Prison authorities refuse to sell canteen food to jailed blogger

Tran Huynh Duy Thuc’s family is concerned that he will resume a previous hunger strike in protest.
By RFA Vietnamese
Prison authorities refuse to sell canteen food to jailed blogger Vietnamese blogger Tran Huynh Duy Thuc stands during his trial in Ho Chi Minh City, Vietnam, Jan. 20, 2010.
Vietnam News Agency via AFP

Prison authorities have refused to sell jailed Vietnamese prisoner of conscience Tran Huynh Duy Thuc food from the facility’s canteen, a week after he voluntarily ended a hunger strike, members of his family said Wednesday.

Convicted in 2010 on charges of plotting to overthrow the government, Thuc is serving a 16-year sentence for writing online articles criticizing Vietnam’s one-party communist state.

Thuc is now in the final year of his sentence, counting the time of his detention in 2009, and is in poor health. He has staged other hunger strikes in the past to protest conditions at Prison No. 6 in Nghe An province. He began his latest hunger strike on Jan. 27.

In Vietnam, prisoners are fed basic prison food, but can also buy higher quality food from the canteen, and inmates are allowed to receive non-perishable food from their families. But it’s not unusual for jail authorities to deprive political prisoners of canteen food, hot water, medicine and outside health care as a means of further punishment.

Thuc ended his hunger strike on Feb. 2 after canteen workers finally sold him something to eat. But a week later, they again refused to sell him food, saying that he had exceeded the monthly limit for purchases, even though he had not bought enough to meet his dietary needs, his relatives told Radio Free Asia, two days after a prison visit on Feb. 12. 

Canteen workers said Thuc purchases exceeded the monthly limit of 1.7 million dong (US$70), and he could only buy more food beginning in March, according to his family.

Thuc has only one package of instant noodles and about 8 kilograms (18 pounds) of other food his relatives gave him on Monday.

Family is worried

Tran Huynh Duy Tan, Thuc’s younger brother, said the family was happy when Thuc ended his hunger strike, but now they are worried about the possibility that he will resume it. They also expressed concern that the food they gave him will only last a few days.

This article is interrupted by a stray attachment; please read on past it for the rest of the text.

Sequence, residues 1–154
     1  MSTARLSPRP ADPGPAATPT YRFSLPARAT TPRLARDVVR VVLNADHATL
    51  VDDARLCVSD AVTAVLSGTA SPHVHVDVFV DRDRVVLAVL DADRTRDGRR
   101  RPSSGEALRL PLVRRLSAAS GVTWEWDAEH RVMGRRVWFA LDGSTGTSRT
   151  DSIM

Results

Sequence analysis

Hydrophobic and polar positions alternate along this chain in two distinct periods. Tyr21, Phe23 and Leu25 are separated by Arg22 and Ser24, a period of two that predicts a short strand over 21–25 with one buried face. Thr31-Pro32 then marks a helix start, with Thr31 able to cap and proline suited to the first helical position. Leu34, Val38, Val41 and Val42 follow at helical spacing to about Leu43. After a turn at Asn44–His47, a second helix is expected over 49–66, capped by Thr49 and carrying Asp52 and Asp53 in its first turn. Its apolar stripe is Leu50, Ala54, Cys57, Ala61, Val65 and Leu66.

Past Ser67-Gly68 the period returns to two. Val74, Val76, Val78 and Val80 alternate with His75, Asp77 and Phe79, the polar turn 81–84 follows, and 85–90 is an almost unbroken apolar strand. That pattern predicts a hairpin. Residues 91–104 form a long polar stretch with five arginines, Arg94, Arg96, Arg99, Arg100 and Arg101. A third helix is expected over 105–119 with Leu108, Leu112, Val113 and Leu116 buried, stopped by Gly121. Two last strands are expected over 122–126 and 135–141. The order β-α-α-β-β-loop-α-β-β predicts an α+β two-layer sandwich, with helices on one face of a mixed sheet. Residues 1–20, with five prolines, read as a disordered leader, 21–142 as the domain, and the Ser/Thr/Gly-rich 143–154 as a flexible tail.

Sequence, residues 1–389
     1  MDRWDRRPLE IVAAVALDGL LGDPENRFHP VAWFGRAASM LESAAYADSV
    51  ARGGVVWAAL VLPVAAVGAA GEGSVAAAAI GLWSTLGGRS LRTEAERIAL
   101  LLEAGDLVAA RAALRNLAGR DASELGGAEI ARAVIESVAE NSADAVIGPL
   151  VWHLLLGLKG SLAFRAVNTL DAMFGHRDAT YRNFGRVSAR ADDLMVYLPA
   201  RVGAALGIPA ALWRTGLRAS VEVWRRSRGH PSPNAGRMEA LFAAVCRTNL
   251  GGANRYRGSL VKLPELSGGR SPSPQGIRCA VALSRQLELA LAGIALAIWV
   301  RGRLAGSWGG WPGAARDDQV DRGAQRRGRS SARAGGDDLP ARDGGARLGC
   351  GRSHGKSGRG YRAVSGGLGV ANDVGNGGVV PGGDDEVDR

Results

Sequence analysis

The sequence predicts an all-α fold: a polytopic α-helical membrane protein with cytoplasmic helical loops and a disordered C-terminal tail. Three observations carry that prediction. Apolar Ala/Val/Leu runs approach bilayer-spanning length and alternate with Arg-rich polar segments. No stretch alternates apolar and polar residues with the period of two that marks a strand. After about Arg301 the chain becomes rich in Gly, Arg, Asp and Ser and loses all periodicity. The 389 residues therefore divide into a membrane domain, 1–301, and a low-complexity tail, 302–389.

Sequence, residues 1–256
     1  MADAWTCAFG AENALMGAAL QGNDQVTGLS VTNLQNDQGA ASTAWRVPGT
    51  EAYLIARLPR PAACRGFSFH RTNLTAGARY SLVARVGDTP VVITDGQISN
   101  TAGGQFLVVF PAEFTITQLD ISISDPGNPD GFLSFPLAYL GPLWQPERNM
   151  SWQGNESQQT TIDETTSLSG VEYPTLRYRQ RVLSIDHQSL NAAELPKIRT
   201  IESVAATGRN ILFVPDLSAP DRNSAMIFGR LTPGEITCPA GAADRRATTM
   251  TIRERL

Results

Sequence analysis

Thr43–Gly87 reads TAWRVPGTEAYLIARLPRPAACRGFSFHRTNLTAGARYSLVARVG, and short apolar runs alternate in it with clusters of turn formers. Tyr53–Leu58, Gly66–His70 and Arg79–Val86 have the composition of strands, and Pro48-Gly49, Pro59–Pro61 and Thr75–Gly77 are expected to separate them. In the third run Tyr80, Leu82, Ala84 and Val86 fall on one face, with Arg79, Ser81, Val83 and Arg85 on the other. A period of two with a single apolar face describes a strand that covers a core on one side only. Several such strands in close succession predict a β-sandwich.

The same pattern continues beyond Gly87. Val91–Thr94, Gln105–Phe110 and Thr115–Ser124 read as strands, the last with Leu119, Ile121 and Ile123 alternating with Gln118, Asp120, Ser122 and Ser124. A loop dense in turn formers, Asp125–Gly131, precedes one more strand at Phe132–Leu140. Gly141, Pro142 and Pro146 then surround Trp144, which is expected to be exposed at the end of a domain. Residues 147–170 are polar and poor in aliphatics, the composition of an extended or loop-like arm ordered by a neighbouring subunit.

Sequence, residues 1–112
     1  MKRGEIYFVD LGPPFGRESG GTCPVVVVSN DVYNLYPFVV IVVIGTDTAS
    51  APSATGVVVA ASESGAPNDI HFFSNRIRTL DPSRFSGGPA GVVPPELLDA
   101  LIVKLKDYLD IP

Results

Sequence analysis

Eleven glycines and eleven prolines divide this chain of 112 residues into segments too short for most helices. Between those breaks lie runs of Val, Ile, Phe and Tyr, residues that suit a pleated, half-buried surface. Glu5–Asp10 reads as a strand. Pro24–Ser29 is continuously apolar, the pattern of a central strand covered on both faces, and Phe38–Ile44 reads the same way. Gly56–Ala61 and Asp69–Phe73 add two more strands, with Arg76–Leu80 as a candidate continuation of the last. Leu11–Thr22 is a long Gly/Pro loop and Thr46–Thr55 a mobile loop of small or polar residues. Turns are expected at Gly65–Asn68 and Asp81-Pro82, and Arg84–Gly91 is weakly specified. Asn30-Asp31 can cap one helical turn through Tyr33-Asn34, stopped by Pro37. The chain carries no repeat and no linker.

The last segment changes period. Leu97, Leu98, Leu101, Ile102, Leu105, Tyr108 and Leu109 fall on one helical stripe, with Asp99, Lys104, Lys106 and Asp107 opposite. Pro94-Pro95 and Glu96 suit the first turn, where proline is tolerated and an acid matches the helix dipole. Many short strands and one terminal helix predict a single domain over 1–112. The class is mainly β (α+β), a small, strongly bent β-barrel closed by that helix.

“The family is very worried that he will continue to not have enough food,” Tan said. “He said he would continue to protest by going on another hunger strike if the prison continued to mistreat him, as it is doing now.”

RFA was unable to reach prison officials for comment.

During his recent hunger strike, Thuc became exhausted and lost consciousness, his family said. He also complained of being constantly cold, although he had not complained previously about the winter weather in Nghe An.

Thuc’s family called on Vietnamese authorities as well as human rights organizations and the governments of democratic countries to pressure the prison to stop treating Thuc harshly.

Prison authorities have continued to restrict access to hot water for Thuc and his cellmate, fellow political prisoner Dang Dinh Bach, Thuc’s relatives said.

Bach, a lawyer and the director of the environmental group that had been campaigning to reduce Vietnam’s reliance on coal, was arrested in July 2021 and sentenced to five years for “tax evasion.”

When the warden said Thuc could only exchange instant noodles for boiling water because the amount of water was limited, Thuc refused, his family said.

Bach's hunger strike

Bach also has gone on hunger strikes to protest prison conditions and the violation of his right to send and receive letters, as well as to support Thuc.

United Nations human rights experts in Geneva, Switzerland, on Wednesday urged the Vietnamese government to stop convicting and mistreating human rights defenders, after Bach began another hunger strike. 

Bach, who is on a vegetarian diet for health reasons, depends on his family for food, and is denied access to books, hygiene items, hot water and traditional medicines, the U.N. experts said in a statement. Prison officials also restrict his communication with and visits from his relatives and lawyer.

“Mr. Bach should not have to embark on a hunger strike to demand strict enforcement of laws and dignified prison conditions,” the U.N. experts said. “Deprivation of liberty and mistreatment in prison should not be used as a tool by the Vietnamese government to silence human right defenders and civil society members working on sensitive issues.”

“We strongly urge the Vietnamese authorities to stop mistreating Mr. Bach in detention and ensure his conditions and access are in accordance with Vietnam’s international human rights obligations,” they said.

RFA was unable to reach Bach’s family to learn about his current situation.

Translated by Hahn Seide. RFA Vietnamese. Edited by Roseanne Gerin and Joshua Lipes.


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